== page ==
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Children and adults who are easily distracted often receive an informal label of "just a little ADHD," referring attention deficit hyperactivity syndrome. Easy distraction, however, is not the same as ADHD.

Distraction is divided attention, reducing the focus and mental energy placed on an object, a task, or a conversation. "Easy" distraction is usually defined by the observer in terms of the goals of the observer, rather than the goals of the person who appears to be distracted.

And that is the primary reason that easy distraction does not mean ADHD. But let's take a closer look at what distraction is, and what ADHD is, for clues about the kinds of situations in which easy distractibility might require intervention.

What Is Distraction?

Distraction is the movement of attention from the object of attention to the source of distraction. This interruption of concentration may present greater novelty, rewards, or interest than the stated object of attention. Only when the distracted person cannot focus on the object or event on which he or she chooses to place attention, however, is easy distractibility a treatable problem.

What Is ADHD?

ADHD, or attention deficit hyperactivity disorder, is more than a tendency to be distracted. It is a pervasive pattern of distraction that causes serious disruption to life activities. In Europe and the UK, ADHD is defined more strictly than it is in the US, and relatively few children and adults (only about 1/2 of 1%) get the diagnosis.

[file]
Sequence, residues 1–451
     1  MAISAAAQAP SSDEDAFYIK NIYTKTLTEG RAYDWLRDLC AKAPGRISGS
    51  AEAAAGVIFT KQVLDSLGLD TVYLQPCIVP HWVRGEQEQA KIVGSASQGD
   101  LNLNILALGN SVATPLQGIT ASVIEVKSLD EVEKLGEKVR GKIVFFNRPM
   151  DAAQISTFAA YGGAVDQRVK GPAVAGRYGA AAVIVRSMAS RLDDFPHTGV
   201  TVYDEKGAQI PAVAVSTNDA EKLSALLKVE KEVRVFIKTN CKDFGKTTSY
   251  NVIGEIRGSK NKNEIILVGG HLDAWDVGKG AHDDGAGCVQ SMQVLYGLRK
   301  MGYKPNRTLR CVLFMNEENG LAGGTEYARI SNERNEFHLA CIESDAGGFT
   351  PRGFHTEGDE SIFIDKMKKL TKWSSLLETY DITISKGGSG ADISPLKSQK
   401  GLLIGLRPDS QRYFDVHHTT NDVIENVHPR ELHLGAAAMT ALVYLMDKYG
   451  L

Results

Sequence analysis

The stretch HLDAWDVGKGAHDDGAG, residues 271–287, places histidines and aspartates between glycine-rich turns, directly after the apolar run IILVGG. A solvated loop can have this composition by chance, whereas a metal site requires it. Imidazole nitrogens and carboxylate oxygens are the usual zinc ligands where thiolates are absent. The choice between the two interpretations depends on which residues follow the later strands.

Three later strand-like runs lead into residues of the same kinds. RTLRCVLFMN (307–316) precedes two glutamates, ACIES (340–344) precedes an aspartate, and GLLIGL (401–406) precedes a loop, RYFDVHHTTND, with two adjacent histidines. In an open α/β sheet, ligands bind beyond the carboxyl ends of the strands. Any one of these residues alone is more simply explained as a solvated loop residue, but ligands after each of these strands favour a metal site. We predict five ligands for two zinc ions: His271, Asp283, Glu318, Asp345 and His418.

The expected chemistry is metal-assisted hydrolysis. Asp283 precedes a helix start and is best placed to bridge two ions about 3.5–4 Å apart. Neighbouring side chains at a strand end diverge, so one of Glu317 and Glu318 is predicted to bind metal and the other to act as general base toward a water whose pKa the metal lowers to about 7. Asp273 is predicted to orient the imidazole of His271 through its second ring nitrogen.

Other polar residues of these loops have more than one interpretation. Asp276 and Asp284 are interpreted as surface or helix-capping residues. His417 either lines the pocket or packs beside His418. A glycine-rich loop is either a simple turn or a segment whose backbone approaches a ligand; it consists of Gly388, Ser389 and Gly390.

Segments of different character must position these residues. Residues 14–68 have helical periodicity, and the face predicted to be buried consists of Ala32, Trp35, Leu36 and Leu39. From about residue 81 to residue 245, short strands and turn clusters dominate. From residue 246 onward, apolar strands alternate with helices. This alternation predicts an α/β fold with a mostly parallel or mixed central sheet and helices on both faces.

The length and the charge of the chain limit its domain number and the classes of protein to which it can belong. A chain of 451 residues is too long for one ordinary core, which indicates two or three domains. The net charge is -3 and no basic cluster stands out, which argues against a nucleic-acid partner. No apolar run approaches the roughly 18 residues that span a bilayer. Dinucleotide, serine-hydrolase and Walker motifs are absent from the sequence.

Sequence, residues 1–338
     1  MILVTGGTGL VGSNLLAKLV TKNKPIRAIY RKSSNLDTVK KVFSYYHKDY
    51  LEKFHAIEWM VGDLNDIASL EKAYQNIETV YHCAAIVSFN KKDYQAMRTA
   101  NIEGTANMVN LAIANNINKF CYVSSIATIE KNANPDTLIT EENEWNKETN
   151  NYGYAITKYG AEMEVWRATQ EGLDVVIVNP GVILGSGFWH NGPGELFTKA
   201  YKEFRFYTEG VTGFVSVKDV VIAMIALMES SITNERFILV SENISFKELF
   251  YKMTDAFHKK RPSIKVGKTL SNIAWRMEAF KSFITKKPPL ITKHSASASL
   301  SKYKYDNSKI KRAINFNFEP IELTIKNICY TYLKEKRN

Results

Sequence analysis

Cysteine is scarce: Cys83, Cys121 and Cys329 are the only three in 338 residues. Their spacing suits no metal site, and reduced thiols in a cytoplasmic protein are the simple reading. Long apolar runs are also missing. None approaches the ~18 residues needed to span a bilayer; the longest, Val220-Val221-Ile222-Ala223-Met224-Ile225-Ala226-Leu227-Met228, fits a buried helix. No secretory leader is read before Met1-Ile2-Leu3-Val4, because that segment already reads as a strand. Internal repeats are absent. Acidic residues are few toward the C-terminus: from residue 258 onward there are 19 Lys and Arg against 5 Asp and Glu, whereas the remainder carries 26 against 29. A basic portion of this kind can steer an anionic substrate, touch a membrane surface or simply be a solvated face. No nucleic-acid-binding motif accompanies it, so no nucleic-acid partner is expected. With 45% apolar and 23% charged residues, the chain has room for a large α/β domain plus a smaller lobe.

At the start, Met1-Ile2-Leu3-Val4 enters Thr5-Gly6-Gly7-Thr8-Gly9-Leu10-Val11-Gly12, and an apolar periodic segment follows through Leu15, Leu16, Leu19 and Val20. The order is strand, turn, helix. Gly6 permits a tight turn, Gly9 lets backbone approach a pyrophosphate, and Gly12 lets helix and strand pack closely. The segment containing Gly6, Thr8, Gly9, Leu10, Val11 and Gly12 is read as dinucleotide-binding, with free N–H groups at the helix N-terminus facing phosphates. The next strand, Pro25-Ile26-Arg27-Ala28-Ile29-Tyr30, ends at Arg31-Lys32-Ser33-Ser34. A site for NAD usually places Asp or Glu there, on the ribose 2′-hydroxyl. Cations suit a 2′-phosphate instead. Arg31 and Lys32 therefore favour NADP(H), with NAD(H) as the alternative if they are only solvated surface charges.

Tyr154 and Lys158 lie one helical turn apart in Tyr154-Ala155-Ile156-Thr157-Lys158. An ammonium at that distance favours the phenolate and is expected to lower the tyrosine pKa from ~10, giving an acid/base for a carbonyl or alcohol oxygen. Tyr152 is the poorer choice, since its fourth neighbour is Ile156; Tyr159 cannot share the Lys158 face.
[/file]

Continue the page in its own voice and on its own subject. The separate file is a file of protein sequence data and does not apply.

In the US, ADHD is defined more broadly and is diagnosed in about 10% of the population.

Under the American definition, the "easily distracted" form of ADHD requires six or more of the following symptoms observed or six or more months:

  • Often easily distracted.
  • Forgetful in daily activities.
  • Often loses things needed for daily tasks (books, notes, briefcases, purses, backpacks, tools).
  • Avoids tasks that require extended periods of focused attention, such as repair of mechanical devices  at home, difficult academic subjects, athletic and artistic participation and performance.
  • Difficulty organizing daily activities.
  • Fails to follow instructions and/or complete tasks at school or at work.
  • Often seems not to pay attention when spoken to.
  • Difficulty paying attention to work or play activities.

ADHD is more than mere distraction. It is a chronic disruption in daily life. Easy distraction may be annoying to people around the easily distracted individual, but it is not necessarily ADHD. Treating thiese kinds of distraction as if they were attention deficit hyperactivity disorder is not just counterproductive, it's potentially damaging to personal relationships and personal growth. Let's consider 10 examples of easy distraction that are not actually ADHD.

Continue reading after recommendations

  • Berggren N, Hutton SB, Derakshan N. The effects of self-report cognitive failures and cognitive load on antisaccade performance.Front Psychol. 2011. 2:280. doi: 10.3389/fpsyg.2011.00280. Epub 2011 Oct 25. PMID: 22046166 [PubMed]
  • de Fockert JW, Caparos S, Linnell KJ, Davidoff J. Reduced distractibility in a remote culture. PLoS One. 2011.6(10):e26337. doi: 10.1371/journal.pone.0026337. Epub 2011 Oct 19.
  • Photo courtesy of negativ on Flickr: www.flickr.com/photos/negativz/74267002
  • Photo courtesy of usr_c/ on Flickr: www.flickr.com/photos/usr_c/232528007

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